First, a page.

EL PASO, Texas – Here in Texas, border security is a hot topic. The line between Mexico and Texas stretches over 1200 miles and protecting it is a tough job. Now we’re not here to talk about the best way to do that, but rather focus on the history of how it’s been done and how dangerous that job can be.
From Brownsville to El Paso, Texas shares a long line of border with our neighbors to the south. A river may separate us, but in most border towns commuting back and forth is an everyday affair. However, there are those who don’t have the best intentions, and that’s where the border patrol comes in.
David Ham retired from the border patrol in 2003 but now he helps tell the story of the agency’s long history at the Border Patrol Museum in El Paso.
“Immigration is a very political issue right now, yes,” David said.
That’s why we’re going to focus on the history of these agents that have one heck of a responsibility.
“We enforce the laws that the people, who elected their congressmen, have passed,” David says. “That’s our job, to enforce the law. We try to do it as humanely as possible.”
Around 18,000 border patrol agents safeguard the borderline between the U.S. and Mexico, but when the border patrol was established, bootlegging was the biggest issue.
“The big thing when it started was prohibition era,” David said. “That was the bloodiest era in our history. We lost more agents in that time period than any other, both here and on the northern border. That’s basically their primary job from 1924 up until prohibition ended, I think in ’34.”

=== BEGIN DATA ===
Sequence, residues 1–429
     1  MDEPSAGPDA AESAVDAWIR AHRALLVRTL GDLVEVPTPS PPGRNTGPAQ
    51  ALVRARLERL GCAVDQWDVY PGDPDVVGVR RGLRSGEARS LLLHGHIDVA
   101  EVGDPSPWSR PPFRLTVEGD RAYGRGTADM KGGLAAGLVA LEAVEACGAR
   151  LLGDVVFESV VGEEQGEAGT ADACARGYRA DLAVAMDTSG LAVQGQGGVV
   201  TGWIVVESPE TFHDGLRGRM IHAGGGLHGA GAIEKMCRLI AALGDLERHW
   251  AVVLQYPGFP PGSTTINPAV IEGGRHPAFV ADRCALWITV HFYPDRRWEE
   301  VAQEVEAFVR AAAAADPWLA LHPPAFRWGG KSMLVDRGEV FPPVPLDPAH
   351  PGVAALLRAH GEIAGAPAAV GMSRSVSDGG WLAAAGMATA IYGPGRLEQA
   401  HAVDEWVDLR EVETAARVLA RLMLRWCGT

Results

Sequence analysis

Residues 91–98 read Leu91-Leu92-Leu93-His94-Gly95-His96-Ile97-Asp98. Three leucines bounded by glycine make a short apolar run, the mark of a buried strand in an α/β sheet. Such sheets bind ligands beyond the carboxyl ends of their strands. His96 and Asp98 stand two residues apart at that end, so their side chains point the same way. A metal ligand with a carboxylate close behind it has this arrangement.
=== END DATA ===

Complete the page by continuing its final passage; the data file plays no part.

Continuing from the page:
When David started his career, the job itself started to change.
“The late 60s early 70s was when the cartels started moving drugs big time,” David informed us. “In 72 we started to see a big increase in drug loads.”
Even though the majority of the border patrol’s attention has shifted south, the mission has stayed the same.
“You read about the early history, and nothing really has changed,” David says. “People try to smuggle and people try to come here. It’s gotten a lot more sophisticated.”
With more sophisticated smuggling comes a need for more sophisticated modes of transportation and weapons for the border patrol.
“It’s a never-ending chase,” David explained. “They change and we have to change with them.”
Among the sieged weapons David showed us was a homemade shotgun from the prohibition era called a zip gun.
“They’re just as well armed as we are,” David said. “Got to be careful.”
The Border Patrol has to be fast as the smugglers too, that’s why they’ve got some supped up cars including a Firebird that was part of operation roadrunner.
Over the years, 124 men and women who have protected our border have made the ultimate sacrifice. Here at the museum, they honor each and every one.
“That’s probably the most meaningful thing to me,” David said. “The fact I knew these guys, and they gave their life. It’s just like a war. You lose people and it affects you. You’re protecting the United States.”
So stop by the U.S. Border Patrol Museum in El Paso to see the hardware and hear how harrowing protecting the northern and southern borders of America can be.
“You get to see the type of people that these smugglers are and how they treat these people,” David said. “Those people that take apart that smuggling organization get a lot of satisfaction out of that.”